Oct 15th 2010 2:42PM Put me in the "I prefer to keep my personal life to myself." camp as well. Honestly, I really don't care if you are straight, gay, transsexual or any of the other various terms. It's a game, and your personal life is no one else's concern. Making a point of bringing up one's sexual preference or gender identity is not something that I really think anyone should be doing. That applies to everyone. I really don't care if you are straight, gay, man, woman or woman trapped in a man's body etc. Just pick a character and play the game. No one I have played with has ever cared if a man plays a female character. Heck, plenty of video games have females as the only role to play, and men are quite happy with that.
If people are bringing this up in-game because they feel they need 'acceptance', then it sounds to me like they are the ones with the issues and not the rest of us.
I don't care. Really. You're a (insert term here)...? Cool, can we kill this boss now?
It's a total non-issue to me, and I would rather not be forced into a discussion on the subject because someone feels they need to get it off their chest. Talk it out with a therapist if you need to, I don't play the game to be a counsellor to people. I play to have fun, and I keep my personal life personal. I'd love it if everyone else would do the same.
Oct 9th 2010 4:31PM What about the costs for dual-spec and cold-weather flying? I've read they are dropping the price to 100g and 500G respectively, but does that change come before Cata, or when it releases?
Aug 26th 2010 1:44PM While it may or may not mean the level cap will be raised, what it does mean is that there is still a good two months on the beta. You don't run a contest for five weeks, only to invite people in for two or three weeks. This is the clearest signal I have seen that Cataclysm will be a Christmas release at earliest.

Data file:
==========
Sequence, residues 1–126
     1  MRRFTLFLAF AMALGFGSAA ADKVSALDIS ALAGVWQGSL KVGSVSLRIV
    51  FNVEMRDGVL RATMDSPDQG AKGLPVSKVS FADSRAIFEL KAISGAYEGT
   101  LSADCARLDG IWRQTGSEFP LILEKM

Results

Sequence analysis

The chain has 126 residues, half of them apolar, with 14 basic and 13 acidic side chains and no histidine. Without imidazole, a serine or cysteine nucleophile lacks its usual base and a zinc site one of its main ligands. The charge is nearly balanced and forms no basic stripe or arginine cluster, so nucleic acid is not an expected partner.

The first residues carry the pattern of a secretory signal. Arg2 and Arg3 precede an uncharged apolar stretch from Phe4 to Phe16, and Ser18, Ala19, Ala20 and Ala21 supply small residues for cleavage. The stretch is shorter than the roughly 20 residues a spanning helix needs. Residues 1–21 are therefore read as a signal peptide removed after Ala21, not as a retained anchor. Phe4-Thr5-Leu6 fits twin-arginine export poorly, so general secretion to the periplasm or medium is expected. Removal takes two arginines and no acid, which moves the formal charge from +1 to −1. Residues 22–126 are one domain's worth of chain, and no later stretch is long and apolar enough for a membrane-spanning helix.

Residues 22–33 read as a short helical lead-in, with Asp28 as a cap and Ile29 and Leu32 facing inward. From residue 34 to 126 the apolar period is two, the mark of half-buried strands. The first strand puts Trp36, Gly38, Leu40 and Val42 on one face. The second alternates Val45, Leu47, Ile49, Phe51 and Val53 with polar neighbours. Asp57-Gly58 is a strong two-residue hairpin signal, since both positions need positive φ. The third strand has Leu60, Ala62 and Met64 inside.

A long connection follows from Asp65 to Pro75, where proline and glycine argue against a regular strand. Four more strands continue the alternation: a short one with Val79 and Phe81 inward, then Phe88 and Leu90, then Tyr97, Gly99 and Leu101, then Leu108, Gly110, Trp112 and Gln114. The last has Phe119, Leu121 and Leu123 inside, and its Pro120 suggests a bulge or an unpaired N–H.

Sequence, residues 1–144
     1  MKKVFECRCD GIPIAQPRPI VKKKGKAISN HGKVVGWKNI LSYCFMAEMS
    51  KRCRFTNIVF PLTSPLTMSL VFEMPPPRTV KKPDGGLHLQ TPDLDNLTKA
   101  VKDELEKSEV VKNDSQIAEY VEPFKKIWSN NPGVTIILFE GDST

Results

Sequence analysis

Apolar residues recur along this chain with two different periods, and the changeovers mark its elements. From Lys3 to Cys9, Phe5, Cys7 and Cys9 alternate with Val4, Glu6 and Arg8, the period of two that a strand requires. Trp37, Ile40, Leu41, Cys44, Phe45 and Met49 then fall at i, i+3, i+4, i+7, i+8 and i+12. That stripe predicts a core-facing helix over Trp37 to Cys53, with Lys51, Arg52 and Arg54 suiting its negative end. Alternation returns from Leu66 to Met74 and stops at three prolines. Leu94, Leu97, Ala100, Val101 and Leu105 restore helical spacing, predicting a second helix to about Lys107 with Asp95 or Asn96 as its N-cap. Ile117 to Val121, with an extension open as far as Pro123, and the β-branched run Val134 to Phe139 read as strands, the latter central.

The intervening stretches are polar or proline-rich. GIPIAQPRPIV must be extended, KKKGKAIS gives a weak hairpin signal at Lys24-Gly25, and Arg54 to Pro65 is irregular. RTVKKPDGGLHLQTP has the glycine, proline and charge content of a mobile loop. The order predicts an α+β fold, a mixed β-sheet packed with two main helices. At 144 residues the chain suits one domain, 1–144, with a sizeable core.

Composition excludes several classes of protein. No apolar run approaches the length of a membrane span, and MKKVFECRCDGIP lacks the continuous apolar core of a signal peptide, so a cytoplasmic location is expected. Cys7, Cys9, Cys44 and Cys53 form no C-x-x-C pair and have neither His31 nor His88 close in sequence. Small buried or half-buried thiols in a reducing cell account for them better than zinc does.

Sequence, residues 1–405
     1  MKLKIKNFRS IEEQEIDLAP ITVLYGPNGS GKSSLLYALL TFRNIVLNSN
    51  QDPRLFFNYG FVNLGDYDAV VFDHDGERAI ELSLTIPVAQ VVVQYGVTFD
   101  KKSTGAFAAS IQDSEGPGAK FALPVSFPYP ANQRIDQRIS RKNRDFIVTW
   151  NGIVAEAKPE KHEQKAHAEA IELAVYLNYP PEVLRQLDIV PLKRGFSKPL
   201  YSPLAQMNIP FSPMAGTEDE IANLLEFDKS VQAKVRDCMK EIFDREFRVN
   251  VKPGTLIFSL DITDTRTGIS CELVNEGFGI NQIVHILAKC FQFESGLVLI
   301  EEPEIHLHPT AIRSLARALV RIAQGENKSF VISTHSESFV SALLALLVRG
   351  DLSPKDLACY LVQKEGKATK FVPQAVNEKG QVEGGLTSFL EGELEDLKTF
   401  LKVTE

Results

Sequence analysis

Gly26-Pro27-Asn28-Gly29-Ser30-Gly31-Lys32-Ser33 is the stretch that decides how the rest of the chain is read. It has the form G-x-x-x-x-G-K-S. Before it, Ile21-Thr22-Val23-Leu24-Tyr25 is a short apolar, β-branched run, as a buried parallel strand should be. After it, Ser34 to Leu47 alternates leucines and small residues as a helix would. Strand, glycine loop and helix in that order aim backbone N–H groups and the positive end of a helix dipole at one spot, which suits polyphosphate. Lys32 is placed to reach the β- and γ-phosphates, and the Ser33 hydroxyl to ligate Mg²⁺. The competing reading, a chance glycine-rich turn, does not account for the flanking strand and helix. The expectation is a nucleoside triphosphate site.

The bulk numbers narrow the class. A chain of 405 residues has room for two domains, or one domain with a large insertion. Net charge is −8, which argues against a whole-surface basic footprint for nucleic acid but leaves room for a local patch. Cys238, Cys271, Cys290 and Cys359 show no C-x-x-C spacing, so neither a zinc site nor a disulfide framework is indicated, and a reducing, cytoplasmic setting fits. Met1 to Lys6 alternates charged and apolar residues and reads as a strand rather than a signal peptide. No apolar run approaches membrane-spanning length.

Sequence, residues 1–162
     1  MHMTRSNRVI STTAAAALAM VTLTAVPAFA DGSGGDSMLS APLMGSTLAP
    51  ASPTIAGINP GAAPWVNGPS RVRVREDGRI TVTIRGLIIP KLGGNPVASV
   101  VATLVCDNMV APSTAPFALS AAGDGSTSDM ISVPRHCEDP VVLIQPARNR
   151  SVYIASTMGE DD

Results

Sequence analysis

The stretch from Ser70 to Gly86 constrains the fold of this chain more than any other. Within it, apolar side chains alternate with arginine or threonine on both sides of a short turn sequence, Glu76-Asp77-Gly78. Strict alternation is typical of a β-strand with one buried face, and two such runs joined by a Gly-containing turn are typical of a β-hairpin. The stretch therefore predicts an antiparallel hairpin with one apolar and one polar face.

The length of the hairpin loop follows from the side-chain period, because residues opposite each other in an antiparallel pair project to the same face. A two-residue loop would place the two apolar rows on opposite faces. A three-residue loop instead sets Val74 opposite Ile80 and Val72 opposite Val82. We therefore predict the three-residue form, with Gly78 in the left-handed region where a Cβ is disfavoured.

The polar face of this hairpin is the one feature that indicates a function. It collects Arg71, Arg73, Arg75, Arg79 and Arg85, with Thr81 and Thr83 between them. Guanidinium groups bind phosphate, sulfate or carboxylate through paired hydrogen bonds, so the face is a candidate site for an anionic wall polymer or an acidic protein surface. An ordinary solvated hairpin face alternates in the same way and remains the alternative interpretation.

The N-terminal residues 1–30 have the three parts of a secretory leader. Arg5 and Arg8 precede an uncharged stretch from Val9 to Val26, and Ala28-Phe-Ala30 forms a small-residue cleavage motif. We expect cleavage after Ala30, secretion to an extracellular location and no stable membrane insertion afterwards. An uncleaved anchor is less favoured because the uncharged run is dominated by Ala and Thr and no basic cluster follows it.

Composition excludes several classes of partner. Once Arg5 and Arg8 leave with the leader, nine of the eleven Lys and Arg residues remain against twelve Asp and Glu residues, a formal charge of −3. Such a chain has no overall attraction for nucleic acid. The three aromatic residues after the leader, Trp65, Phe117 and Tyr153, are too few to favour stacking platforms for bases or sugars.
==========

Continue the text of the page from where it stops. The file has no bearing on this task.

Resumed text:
Jun 29th 2010 1:26PM The very time time I played the game, and had created a character, I was watching the intro and I thought it was scripted or pre-rendered. So as the camera is panning around outside of Stormwind and moving toward the starter town, the voice-over is telling me of the dire sitation and why they need my help.
OK, I'm ready to go.
At the very end of the fly-over, just before reaching the spawn point, I see a chat bubble...
"DOES ANYONE HAVE PANTS? I NEED PANTS!"
This totally shattered the build-up, and I remarked to myself "man, the Alliance is so doomed..."
Jun 19th 2010 1:28PM I think the difference the OP is trying to highlight is the difference between learning math 'long hand' or learning math using a calculator. Sure a person using a calculator will come to the same answer, and they will almost certainly come to the answer quicker. However, that person don't fully understand the concepts needed to get to that answer.
This is one reason why I think people say they enjoyed vanilla WoW so much, and they wished they could play on a vanilla WoW realm. Back in the early days of WoW there were no mods. No grid, no clique, no healbot, no DBM etc. It was you and the mobs. No graphical warnings telling you to move and where to move to. Did that make it harder? Hell yes it did. Did it NEED to be that hard? That's a matter of opinion. However, when Blizzard has to change the game to break mods that turn the game into EZmode, that has to tell you something about how people may have lost sight of the fact that it should be YOU playing the game, not the mods playing the game for you.
Have mods 'dumbed down' the game? That's also a matter of opinion, but I think they have.
However, I think the basic point is valid. A person who plays without mods in most cases will have a much better understanding of the game, and the underlying concepts and elements - much like a person who does math without a calculator. These are the people who aren't crying come patch day when all the mods are broken. These people will never have to worry about how they will manage when Blizzard decides a mod needs to go.
Does this make people who use mods any less of a 'player'? Of course not. People are free to play the game in whatever way they enjoy.
Feb 1st 2010 7:02PM I never suggested I have all the answers, but I have seen enough drama to know what tends to work and what tends to cause problems. The bottom line is that a guild should use what works for them. However, if we are talking about what system will usually work best *before* you put it in place, then that's a whole other matter entirely.
Like I said, the problem a number of guilds have is that they are only concerned about numbers, and they don't think far enough ahead to consider how they are going to work out the issue of having 50 or 100 people who want to raid, but not all of those people should be raiding, or CAN be raiding because of gear or logistics.